Tribes Struggle to Adjust After the Largest Coal Mine in the West Closes
Members of the Navajo and Hopi tribes are struggling to adjust to a new way of life following the closure of the coal-powered Navajo Generating Station late last year, as leaders look for new sources of revenue and energy.
Both the AP and the Arizona Republic reported last month that Navajo and Hopi tribe members, who had access to coal from the mine to heat their homes, are struggling in their first winter without the mine. Some of the 15,000 families without electricity are traveling for hours to cut wood from forests miles away or rely on local wood delivery service, while others have resorted to burning clothes or furniture to keep warm.
The tribes are also looking to renewables: Earther reports that the Navajo Nation is working with the city of Los Angeles, a partial owner of the former plant, to create a renewable energy hub on the plant's site to help power the city and bring electricity to more tribe members.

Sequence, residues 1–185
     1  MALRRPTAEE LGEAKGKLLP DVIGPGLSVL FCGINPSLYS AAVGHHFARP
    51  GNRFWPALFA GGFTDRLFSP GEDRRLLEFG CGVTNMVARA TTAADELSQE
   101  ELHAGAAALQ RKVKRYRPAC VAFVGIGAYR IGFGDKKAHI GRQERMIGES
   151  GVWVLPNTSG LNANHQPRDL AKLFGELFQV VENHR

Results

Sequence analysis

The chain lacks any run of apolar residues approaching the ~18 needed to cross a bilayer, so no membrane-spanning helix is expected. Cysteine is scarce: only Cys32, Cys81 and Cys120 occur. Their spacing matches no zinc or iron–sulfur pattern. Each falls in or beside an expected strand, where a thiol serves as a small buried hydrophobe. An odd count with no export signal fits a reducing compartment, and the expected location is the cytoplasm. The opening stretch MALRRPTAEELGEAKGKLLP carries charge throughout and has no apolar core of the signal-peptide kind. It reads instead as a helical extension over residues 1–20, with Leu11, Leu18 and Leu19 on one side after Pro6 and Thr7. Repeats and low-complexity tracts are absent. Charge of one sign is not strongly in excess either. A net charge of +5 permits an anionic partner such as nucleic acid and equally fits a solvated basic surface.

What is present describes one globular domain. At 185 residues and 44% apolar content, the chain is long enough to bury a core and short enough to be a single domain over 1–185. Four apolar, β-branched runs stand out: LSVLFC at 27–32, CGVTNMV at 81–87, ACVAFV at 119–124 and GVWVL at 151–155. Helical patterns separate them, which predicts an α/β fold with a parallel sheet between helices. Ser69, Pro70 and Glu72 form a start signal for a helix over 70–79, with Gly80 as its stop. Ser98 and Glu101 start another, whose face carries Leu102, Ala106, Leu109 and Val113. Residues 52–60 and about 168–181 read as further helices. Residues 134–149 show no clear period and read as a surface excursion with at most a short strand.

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The American Society of Civil Engineers (ASCE) gave America's infrastructure a C- grade in its quadrennial assessment issued March 3. ASCE gave the nation's flood control infrastructure – dams and levees – a D grade. This is a highly concerning assessment, given that climate change is increasingly stressing dams and levees as increased evaporation from the oceans drives heavier precipitation events.
Figure 1. Debris fills the Feather River from the damaged spillway of California's Oroville Dam, the nation's tallest dam, after its near-collapse in February 2017. The Oroville incident forced the evacuation of nearly 190,000 people and cost $1.1 billion in repairs. California Department of Water Resources
Figure 2. The L-550 levee on the Missouri River overtopping during the spring 2011 floods. USACE